Throughout October we’re running a series of interviews with artists involved in the festival. Here, playwright Mariem Omari talks about One Mississippi, a powerful show about male mental health and childhood experiences which premieres at the Traverse Theatre in Edinburgh on World Mental Health Day, 10 October, and later moves to the Tron Theatre in Glasgow.

What was the starting point for One Mississippi?

It was a combination of two things – my own personal experience with men who had depression, and the phenomenal statistics around male suicide in the UK. It’s hard to fathom that with the number of support services now available, the statistics keep increasing…So I wanted to better understand what took men to breaking point. This led me to focus on the impact of childhood trauma. Breakdowns and suicide attempts don’t happen in a vacuum.

The play is based on the real experiences of men across Scotland – how did you find these men and how did you persuade them to share such difficult experiences?

I approached a few men I knew well, who had suffered from depression and had other mental health challenges. They took no convincing. All of them wanted to talk about their experiences, and they wanted their friends to talk to me too. As challenging as it was for them to be interviewed, they all felt it was important to get their stories out…’because it might just help someone…’

What surprised you most about these men’s stories?

I think, instead of surprised I would say difficult…the most difficult thing about the stories was, as I mentioned, some of the men I interviewed I knew well, and they had never uttered a word about the trauma they had experienced growing up, to me, or anyone else. All of them were so deeply affected by these terrible childhood experiences, but they just buried them.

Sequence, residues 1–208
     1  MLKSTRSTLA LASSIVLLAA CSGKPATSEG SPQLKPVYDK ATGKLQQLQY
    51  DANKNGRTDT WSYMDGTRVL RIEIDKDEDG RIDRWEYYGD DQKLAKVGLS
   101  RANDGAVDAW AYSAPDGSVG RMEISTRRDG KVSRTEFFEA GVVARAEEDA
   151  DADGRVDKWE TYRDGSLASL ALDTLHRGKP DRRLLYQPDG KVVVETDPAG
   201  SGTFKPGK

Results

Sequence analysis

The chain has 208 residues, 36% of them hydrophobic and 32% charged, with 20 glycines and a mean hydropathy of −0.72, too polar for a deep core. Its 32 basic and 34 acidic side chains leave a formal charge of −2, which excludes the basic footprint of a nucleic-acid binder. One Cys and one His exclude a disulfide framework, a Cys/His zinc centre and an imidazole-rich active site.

Why do men find it so difficult to talk about mental health?

I think we all find it difficult to talk about mental health because you can’t see it. We live in a world where people like evidence that something is going wrong or hurting. It’s not like a broken leg or an open wound that people can openly see and deal with. Then add to that the way boys are socialised…man up, don’t cry, be strong. As a community we are only now realising the damage we have done in the way we resist male vulnerability and the negative impact that this is having.

Without giving too much away, can you tell us a bit about the play’s title?

The title comes from one of the characters’ lines. I think most of us in Scotland know that it’s a way of counting…so one Mississippi, two Mississippi and so on…

Are there other things at SMHAF you’re interested in seeing? Men’s mental health, in particular, seems to be a theme across the festival this year.

I definitely want to see Living With The Lights On. I think Mark Lockyer will be compelling in his solo show, because it’s so personal to him. Also it will come at the same issues I cover in One Mississippi, just in a different way.

What else are you working on at the moment?

A new play on the relationship between faith, belief and mental health. Both mental health and religious beliefs can be seen as ‘taboo’ subjects in today’s society (as you know), so I am writing a play that encourages people to talk about these issues and exposes practices that can severely impact on mental health recovery. But I don’t want to demonise any one faith or tradition; rather I want to explore the good and bad in both. The positives and the negatives of faith, and how it can keep us going during the darkest times, and also keep us ‘sick’ by labelling us as something we are not.


Book tickets for One Mississippi, showing at Traverse Theatre, Edinburgh (10-12 Oct) and Tron Theatre, Glasgow (13-14 Oct).